In general, there are lots of regions in this world, lots of corners that we have not yet been to, Australia our first time last year and our second time coming up, we went to South America the first time last year and we’d love to return, we only did Argentina and Brazil it would be nice to stretch out and go further next time. Then Europe we’ve been long-time friends with mainland Europe and the United Kingdom people but it would be nice to get a little bit more into the eastern part of Europe, the people are so hungry for good music but they just don’t get it because nobody will invest their time into a region that’s not filling their pockets you know? For us, yeah we’ve got to make money, we’ve all got kids and mortgages and all that, we’ve gotta survive but for us there’s two things you miss out on if you don’t go to the more poor regions of the world, you’re missing that experience for true honest, hungry people, ones that are really missing and striving to have a hold of something that’s normally not in their backyards, they want to be able to see the big shows, they want to see the rock bands, they want to see the pop groups and want to make an experience of it and make a connection with those bands and more often they don’t get to. The other side of things, the more selfish side, we want to see these places, you only go around index so we want to go back to Hungary, we want to go to Poland for the first time, you know, Czech Republic, all these places. Like Russia, Russia is one of the richest countries in the world but we’ve never been there, it’s quite in the opposite direction of what I was saying a second ago but that country just thrives big time when you talk finances, but it’s a just a pain to get there, something about the border controls which I don’t blame them it’s fine, it’s their country and they’re there to protect it and I don’t blame them at all, but I would love to go to Russia to see the countryside, meet the people and see the culture and all that.

I love a band that just want to get out and play for people, that’s really cool…
Well man, we’ve been together for a long time and been doing this for a long time but none of us have forgotten and we constantly remind each other that we were between the ages of fifteen and eighteen when this band started, we would get out of high school and I mean even before this inception of the band started John Fred, Chris and I were playing music together for three or four years before this band started, it was just the three of us and we would have a couple of different guys move in and out kind of thing but they never stuck until we got Ben, but the three of us have played music together since 1998. We were puppies, we didn’t know how to play three chords but we hung out and we liked to beat instruments as much as we could *laughs*’, so we’re constantly reminding ourselves of those times Monday to Friday at 3 o’clock in the afternoon that school bell would ring and we’d be in one of our friends cars because none of us were old enough to drive and we be driving down to the practise house which is where John Fred’s dad from The Kentucky Headhunters has written and his band has rehearsed for the last thirty five to forty years and they kind of let us take over the house. So here we are right after school, fifteen, sixteen, seventeen years old and we’re from school to what we considered work, it was fun work but it was work, we would work from 3:10 – 3:15 in the afternoon right up until 10 or 11 at night, none of us did homework, we never turned homework in we just had to force ourselves to be intelligent enough to pass the test regardless of the homework so we would get though High school *laughs* because those five days a week we were at the practise house, Saturday we would wake up usually at John Fred’s house because he lived right down the street from the practise house so we would crash with him on Friday night, wake up at 8 or 9 on Saturday, go to the practise house and be there all day and not leave until the sun went down that night and then we’d go to Glasgow and hang out because that’s the next town over and the bigger town in our area, we got there and hang out and we would end up at the practise house later that night running over stuff we had done that week. It was just non-stop grueling work ethic and we are still very passionate and love that we are all still in love with music and playing music for people.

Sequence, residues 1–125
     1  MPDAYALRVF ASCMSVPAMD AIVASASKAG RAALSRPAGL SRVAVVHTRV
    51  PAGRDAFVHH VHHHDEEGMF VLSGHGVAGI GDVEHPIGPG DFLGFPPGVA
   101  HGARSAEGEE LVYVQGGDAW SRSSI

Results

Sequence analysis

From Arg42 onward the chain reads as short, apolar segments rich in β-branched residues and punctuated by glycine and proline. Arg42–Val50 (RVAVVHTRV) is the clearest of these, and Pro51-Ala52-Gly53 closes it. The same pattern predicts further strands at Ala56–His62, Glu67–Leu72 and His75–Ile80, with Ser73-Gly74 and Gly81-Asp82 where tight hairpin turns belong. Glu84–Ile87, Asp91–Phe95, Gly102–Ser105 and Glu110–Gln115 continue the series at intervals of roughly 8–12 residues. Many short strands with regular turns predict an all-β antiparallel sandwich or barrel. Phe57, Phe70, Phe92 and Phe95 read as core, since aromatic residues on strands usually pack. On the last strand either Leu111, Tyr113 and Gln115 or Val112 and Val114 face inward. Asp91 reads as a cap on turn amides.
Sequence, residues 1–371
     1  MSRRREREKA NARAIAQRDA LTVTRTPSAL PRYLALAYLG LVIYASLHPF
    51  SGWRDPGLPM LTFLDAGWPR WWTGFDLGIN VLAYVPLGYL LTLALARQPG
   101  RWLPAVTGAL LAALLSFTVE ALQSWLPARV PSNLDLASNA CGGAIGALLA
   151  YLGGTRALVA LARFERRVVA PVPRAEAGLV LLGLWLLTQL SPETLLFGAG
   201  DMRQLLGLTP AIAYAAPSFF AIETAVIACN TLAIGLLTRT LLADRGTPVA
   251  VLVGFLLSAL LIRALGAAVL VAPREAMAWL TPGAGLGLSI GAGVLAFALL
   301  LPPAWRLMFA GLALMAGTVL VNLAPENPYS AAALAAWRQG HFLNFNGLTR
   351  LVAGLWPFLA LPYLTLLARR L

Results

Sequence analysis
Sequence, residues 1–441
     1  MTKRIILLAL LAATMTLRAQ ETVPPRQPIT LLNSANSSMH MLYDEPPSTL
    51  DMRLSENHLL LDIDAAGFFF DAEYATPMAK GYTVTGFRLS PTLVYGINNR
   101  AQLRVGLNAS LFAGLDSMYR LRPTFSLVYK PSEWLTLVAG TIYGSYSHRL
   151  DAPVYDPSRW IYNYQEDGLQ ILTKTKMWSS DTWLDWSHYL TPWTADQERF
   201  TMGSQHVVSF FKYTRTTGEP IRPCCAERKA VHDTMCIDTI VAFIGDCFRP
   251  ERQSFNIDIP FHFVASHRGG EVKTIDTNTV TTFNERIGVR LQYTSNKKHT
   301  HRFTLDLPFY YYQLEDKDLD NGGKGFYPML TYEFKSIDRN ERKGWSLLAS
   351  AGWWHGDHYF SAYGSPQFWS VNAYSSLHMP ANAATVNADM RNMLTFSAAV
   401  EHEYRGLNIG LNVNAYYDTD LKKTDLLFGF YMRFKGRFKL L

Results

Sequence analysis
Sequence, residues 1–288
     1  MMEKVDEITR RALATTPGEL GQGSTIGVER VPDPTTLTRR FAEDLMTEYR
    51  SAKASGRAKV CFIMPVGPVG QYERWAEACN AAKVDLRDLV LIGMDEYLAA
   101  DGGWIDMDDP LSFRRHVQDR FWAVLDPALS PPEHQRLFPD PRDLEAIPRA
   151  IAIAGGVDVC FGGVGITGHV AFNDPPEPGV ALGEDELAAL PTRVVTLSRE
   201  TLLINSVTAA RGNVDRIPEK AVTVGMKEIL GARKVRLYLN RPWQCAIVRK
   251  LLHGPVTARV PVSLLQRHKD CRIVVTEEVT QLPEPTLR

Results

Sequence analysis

Lastly, let’s look ahead to the future, finish this sentence for me, by the end of 2017 Black Stone Cherry want to…
Headline Wembley stadium. It’s a pipe dream but it would be great *laughs*



Thursday 20th April – The Triffid, Brisbane
Tickets at mjrpresents.com

Friday 21st April – The Factory Theatre, Sydney
Tickets at mjrpresents.com

Sunday 23rd April – Corner Hotel, Melbourne
Tickets at mjrpresents.com

Monday 24 April – The Capitol, Perth
Tickets at mjrpresents.com


Essential Information

From: Edmonton, Kentucky, USA

Band Members: Chris Robertson – vocals/guitar, Ben Wells – guitar/vocals, Jon Lawhon – bass/vocals, John Fred Young – drums

Website: http://www.blackstonecherry.com

Latest Release: ‘Kentucky’ (Out Now)